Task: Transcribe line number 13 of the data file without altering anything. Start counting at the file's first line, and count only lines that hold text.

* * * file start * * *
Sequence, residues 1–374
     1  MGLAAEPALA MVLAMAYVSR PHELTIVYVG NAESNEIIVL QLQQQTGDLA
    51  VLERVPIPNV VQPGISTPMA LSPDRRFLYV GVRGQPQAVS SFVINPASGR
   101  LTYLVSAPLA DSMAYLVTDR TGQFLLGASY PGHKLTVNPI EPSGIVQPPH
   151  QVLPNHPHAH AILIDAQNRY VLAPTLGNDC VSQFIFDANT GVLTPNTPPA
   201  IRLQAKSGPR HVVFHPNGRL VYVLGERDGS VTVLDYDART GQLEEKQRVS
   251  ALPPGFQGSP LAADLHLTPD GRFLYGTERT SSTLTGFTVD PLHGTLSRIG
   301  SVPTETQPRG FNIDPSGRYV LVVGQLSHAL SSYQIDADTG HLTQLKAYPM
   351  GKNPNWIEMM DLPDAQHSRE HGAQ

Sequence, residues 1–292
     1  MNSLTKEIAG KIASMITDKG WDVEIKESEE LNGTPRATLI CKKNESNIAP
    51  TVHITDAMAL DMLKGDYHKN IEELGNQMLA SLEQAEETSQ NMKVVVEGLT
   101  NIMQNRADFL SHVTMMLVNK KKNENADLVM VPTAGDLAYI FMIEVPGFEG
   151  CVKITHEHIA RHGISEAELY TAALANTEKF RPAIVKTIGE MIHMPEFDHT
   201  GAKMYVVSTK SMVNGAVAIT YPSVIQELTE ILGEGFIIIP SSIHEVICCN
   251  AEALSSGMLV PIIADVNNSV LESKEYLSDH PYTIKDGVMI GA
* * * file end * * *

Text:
   101  NIMQNRADFL SHVTMMLVNK KKNENADLVM VPTAGDLAYI FMIEVPGFEG